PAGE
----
A Slice of Life

Being Skinny

My Own Slice of Life on Being Skinny

At nine pounds, five ounces I made my way into the world. As a kid, my weight gain was steady and my overall look was chubby. I don’t remember when I started to slim down but by high school I was very thin. My grandma thought too thin, but I thought I was just normal. People at school called me skinny and I grew to hate that word very much. Once my dad told me I was starting to look Ethiopian which was his clever way of saying too skinny. My Uncle Terry pulled me aside at a family gathering once and asked me if I was eating enough and gave me a short lecture about the importance of a balanced diet. By the time I reached college, I had hit my maximum height of 5’4” and barely cleared the one hundred pound mark. Again, I thought I was just normal.

One day I entered my history classroom at Saint Xavier and my male professor gave me a weird look as I approached my seat in the front of the room near a friend. As I sat down and started settling in I could feel his eyes on me. He began lecturing and stopped abruptly by asking me to please stand. Unknowingly I stood up and looked at him with a puzzled expression. He then asked me to turn and face the wall. I did. Then he asked the class if anyone could see me? As I slowly turned back to the face the front of the room, he yelled out “Oh, there you are. We lost you there for a minute when you turned.” I thought that would be my last living day on this earth. I looked at my friend as I slid back into my chair and she shrugged her shoulders and gave me a look that said “He’s an idiot.” So there I was sitting in my history class after my teacher announced to the room that I was skinny, almost transparent. From that day forward I hated any type of attention being drawn to my weight or my size, even more so than before. My thought was if you weren’t going to approach a person that was overweight and call them fat, then you better not approach me and call me skinny. I felt like these words were just as harmful.

Funny thing is that now after I’ve had two kids, to hear the word skinny used to describe me is kind of flattering. My husband calls me skinny sometimes but I think he is doing it to make me feel appreciated for bringing his children into the world. I’ll take it though. It’s crazy how that word – skinny – was such an ugly word for me for so many years. It’s also weird how I don’t remember that history teacher’s name, the course name, or anything I was supposed to learn in that course but his harmful words stuck with me for a decade.

So, I’ve decided that I was normal then and I am normal now. I’m not chubby and I’m not skinny. I’m not Ethiopian or starving. I’m not invisible or transparent. I’m also not giving that incident another second of my time. I’ve learned over the past two years that there are little eyes watching me and little ears listening to me even when I’m not paying attention to what I say and do. I’m raising a little girl and I want her to feel normal always and I’m going to model being comfortable with me so that hopefully she will be comfortable with herself because she is absolutely perfect. And I am her very normal sized mom.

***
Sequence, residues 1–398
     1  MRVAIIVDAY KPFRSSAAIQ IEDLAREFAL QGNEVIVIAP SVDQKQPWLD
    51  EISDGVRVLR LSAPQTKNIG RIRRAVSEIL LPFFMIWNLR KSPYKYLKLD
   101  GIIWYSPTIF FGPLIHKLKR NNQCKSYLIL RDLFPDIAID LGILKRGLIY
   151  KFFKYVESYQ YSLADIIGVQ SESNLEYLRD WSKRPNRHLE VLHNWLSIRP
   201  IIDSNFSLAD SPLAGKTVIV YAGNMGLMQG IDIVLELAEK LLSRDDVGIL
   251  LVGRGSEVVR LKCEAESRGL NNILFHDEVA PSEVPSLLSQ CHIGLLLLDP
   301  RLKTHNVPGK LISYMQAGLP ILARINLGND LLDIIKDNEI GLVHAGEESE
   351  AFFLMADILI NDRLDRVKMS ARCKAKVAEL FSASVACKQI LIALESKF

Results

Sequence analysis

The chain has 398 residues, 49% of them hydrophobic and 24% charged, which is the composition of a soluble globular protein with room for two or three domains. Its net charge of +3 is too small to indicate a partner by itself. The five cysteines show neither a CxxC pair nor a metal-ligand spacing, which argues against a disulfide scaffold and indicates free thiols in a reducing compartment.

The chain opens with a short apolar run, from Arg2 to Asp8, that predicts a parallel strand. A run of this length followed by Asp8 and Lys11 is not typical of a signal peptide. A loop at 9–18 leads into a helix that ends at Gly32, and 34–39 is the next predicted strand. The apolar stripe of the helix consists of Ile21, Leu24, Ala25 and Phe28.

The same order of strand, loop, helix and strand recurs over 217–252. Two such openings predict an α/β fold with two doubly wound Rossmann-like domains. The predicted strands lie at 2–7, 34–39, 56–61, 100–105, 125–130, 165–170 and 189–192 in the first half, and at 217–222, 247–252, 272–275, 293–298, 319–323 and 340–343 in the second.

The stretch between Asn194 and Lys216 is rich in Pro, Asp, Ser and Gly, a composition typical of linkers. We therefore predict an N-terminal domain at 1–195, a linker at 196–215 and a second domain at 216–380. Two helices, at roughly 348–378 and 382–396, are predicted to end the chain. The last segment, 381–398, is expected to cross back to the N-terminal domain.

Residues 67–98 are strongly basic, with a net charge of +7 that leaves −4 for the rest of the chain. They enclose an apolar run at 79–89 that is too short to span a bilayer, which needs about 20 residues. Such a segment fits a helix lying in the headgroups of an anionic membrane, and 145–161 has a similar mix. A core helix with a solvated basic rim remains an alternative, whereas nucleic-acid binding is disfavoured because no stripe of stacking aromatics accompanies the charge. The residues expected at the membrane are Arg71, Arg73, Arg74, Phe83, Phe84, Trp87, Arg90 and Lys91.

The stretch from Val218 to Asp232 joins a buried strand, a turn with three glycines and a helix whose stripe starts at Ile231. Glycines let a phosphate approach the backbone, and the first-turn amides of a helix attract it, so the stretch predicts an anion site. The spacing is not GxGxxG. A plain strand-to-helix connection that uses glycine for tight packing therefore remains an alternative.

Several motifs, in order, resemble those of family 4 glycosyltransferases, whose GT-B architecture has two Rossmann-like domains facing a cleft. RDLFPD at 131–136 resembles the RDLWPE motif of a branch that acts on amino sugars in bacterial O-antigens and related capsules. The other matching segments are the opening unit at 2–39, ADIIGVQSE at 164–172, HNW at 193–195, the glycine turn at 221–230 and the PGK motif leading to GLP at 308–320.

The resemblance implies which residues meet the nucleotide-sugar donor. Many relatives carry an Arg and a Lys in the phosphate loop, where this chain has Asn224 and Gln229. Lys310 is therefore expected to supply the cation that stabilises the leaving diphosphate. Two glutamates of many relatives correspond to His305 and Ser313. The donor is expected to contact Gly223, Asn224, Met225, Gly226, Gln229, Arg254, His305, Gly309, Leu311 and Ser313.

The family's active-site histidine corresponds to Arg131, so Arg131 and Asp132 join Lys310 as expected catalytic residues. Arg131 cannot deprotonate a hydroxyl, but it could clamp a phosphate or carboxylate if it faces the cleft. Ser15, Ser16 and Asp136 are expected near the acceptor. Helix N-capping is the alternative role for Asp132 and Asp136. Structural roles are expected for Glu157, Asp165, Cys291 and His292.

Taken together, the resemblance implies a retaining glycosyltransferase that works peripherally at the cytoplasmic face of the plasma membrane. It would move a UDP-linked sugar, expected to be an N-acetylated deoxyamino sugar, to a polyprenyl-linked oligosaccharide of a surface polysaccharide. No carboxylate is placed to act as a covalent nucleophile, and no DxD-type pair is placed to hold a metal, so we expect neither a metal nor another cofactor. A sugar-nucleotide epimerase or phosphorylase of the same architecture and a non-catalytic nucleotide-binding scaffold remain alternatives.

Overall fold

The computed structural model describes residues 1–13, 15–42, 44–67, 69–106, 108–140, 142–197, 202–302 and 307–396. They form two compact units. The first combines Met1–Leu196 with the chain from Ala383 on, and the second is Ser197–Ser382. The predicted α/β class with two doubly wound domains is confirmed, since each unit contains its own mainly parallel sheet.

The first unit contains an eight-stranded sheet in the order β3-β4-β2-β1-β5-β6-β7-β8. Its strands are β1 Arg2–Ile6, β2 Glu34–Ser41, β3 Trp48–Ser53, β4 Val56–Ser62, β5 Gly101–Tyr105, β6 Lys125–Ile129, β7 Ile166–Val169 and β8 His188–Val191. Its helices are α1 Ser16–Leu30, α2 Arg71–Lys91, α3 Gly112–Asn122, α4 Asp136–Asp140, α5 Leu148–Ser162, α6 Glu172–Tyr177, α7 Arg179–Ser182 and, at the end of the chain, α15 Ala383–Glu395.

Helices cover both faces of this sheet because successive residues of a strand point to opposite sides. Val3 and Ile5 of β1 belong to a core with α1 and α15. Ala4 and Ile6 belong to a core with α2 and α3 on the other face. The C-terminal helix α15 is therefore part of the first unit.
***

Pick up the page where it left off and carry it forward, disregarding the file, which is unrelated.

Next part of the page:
Comments on: "Being Skinny" (5)

  1. If only society would care as much about our spirits, our kindnesses, our deeds. Perceptions and appearances are no way to go. Here is a quote from Panache Desai tat you might appreciate, “The key to changing the world, to changing your life, and to empowering those around you is authenticity – the willingness to be yourself – the willingness to be vulnerable – the willingness to feel – the willingness to live. I’m simply reminding you of who you truly are, supporting you into self-love and acceptance by eradicating the judgement that you’ve imposed on yourself and society has opposed on you.”

  2. My heart is breaking for the college-aged you. I cannot imagine what would possess someone- a teacher- to call you out in front of the class and say such hateful things to you. I’m very sorry that happened to you, but I’m glad that you’ve decided to move forward and let go of the past. It’s interesting how those hurtful things people say to us tend to stay with us, and the positive things can float by the wayside. Thank you for being open and sharing this with us.

  3. Good for you for saying all these things! Even more so for saying you are going to be a model for her to be comfortable with herself!

  4. I can’t believe that your history professor would do that to you. What was he thinking? I love that you’ve turned that around and are so aware how to be a role model for your daughter. She’s a lucky girl!

  5. Stunning post. Seriously. You gave me something to think about, but I am also thinking that this a great candidate for publishing in a local newspaper, magazine, etc. I’d even show it to our 8th grader students as part of our monthly school-wide bullying discussions. This is, hands down, one of my favorite posts (so far) during this SOL challenge…

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